Have you ever found yourself waiting for something much longer than you expected? Fingers tapping, breath constricting, heart rate steadily increasing as you watch your expectations crumble like a falling city into the abyss passing of time? Did I just reveal how dramatic my inner thoughts can be?
Waiting is a common, human experience. Maybe it was a matter of an extra ten long minutes waiting for a test result. Or maybe it has been many long years of waiting for an answered prayer for healing or restoration.
I don’t know about you, but waiting does not come naturally to me at all. I once read somewhere that people are far more willing to join a longer line that is constantly moving rather than a shorter one that seems to be standing still. Disneyland understands this concept perfectly. Though the lines may snake the equivalent of a mile, guests don’t usually seem to mind as long as they do not find themselves stagnant.
I’m with them! I love progress. I like to feel that I have some level of control. And I find that I naturally avoid the kind of waiting that requires I be still. Whether this is human nature or a Western cultural phenomenon, my aversion to waiting is deeply ingrained, so much so that I think it is even fair to say that for much of my life I have believed that if I found myself waiting, I was wasting time.
But what does God’s word say to us about waiting? In a verse often quoted but seldom truly understood, God shows us a very different perspective on the value of waiting. Isaiah 40:31 records an extraordinary promise Yahweh made to His people. “But those who wait for Yahweh will renew their strength. They will mount up with wings like eagles. They will run and not be weary. They will walk and not faint.”
I love this verse. Who wouldn’t? Wings like eagles? Yes, please! I recited these verses in moments of trial quite often for the first couple decades of my life. But I must admit, as inspirational as the words sounded, I had no idea what they meant. Eventually, I had to admit to myself that, in spite of the lofty and encouraging assurance they offered, more often than not I was weary, wingless, and faint. What was I doing wrong?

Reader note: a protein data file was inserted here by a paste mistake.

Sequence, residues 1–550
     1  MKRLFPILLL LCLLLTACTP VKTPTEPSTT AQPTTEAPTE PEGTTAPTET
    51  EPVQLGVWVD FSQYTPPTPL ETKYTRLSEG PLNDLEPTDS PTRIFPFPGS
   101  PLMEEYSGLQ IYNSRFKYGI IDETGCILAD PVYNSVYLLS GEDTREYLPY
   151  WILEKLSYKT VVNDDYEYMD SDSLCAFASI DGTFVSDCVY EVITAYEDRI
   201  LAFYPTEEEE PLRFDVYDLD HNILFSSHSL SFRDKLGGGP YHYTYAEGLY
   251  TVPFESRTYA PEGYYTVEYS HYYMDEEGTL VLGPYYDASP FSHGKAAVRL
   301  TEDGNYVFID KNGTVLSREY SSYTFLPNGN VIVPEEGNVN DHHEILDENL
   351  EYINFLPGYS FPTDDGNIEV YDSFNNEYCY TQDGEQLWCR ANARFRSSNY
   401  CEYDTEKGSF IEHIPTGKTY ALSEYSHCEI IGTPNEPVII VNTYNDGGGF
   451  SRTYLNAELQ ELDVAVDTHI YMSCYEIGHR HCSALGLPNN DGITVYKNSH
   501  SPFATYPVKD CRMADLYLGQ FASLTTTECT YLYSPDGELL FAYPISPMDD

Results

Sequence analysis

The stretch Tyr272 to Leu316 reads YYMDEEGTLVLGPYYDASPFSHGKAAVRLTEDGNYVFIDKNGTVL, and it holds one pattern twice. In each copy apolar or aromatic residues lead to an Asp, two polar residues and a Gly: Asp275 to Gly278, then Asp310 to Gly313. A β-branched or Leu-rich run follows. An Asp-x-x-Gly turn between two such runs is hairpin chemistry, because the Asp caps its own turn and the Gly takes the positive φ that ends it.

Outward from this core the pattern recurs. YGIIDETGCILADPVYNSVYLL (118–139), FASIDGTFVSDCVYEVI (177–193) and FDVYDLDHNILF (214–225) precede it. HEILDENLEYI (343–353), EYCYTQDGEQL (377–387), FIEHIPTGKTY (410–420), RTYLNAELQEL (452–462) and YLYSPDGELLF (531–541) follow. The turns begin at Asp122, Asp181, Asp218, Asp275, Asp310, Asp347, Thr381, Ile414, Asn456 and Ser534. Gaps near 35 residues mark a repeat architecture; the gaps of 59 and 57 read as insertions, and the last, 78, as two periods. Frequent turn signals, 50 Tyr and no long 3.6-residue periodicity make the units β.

As it turns out, as I think we often do, I was expecting the result of God’s promises without the work of obedience. His promise applies to those who “wait for Yahweh”. I don’t think I really ever had any concept of what it meant to wait on anyone until my husband left for his first deployment. I didn’t just distantly hope that he might show up again one day, I didn’t go on as usual thinking it would be nice if I saw him again. No. I spent time each day writing to him, thinking of him, imagining the day of his return. I spent accumulated hours staring at the phone, hoping to hear his voice.
In the midst of my longing God asked me a staggering and convicting question. “Do you long for the return of my Son this way? Do you seek my presence the way you seek his? If your husband returns to you, he will leave again, but my Son will return and never leave you. In whom have you placed your hope?”
In His question, He invited me into the only true cure for my soul’s loneliness and heartache – the Hope and fulfillment I find in Him alone through the redeeming work of His Son. His question brought to my understanding the temptation for life to be a relay race from one fleeting pleasure to the next in an attempt to assuage the deeper longing that only He can satisfy.
And suddenly, I sensed the joy of a reality I had glimpsed but not tasted until now; that of the watcher whose eyes search the horizon for what her heart already sees. My perception of what it is to wait began to seismically shift, from nothing to everything, from frustrating to life-giving, from wasteful to sacred.
It is difficult to fully understand the promise that God makes to His people in Isaiah 40:31 without understanding its context. In Isaiah 40, God makes an airtight case as to why He deserves their trust, even as, from their perspective, all hope seems lost. But even as they cannot see past the circumstances that surround them, God tells them their gaze is misplaced. So it has often been with me. But when I read this passage of Scripture now, ten years into parenthood, I finally see the heart of my Perfect Father.
Almost on a daily basis I find myself reassuring my children as they experience moments of worry – most often directly related to a trivial outcome they want to control, circumstances, timing, decisions. But from my vantage point I have the ability to see past these outcomes to their truer needs. Over and again I ask them to trust me. I see that they are wasting their energy on worries that were not meant to be theirs. And so it is with God. Each time I approach Him with eyes transfixed elsewhere, my heart thrown by tumultuous waves of worry, He stills the storm inside of me with His command, “Be still! And know that I am God.” (Psalm 46:10)
And slowly I am learning that waiting is trusting. Even as the world erupts around us, as we trust Him, we can be still. And there, as He clothes us and feeds us, we find that our legs are no longer weary, perhaps even that our hearts have taken flight above the storm. We can hope and be filled with joy. We can search to know more of Him, our truest treasure, even while we yearn for what is to come. Waiting is not a state of doing nothing or killing time. It is rather His gracious redemption of the time and energy we are tempted to waste on our worries!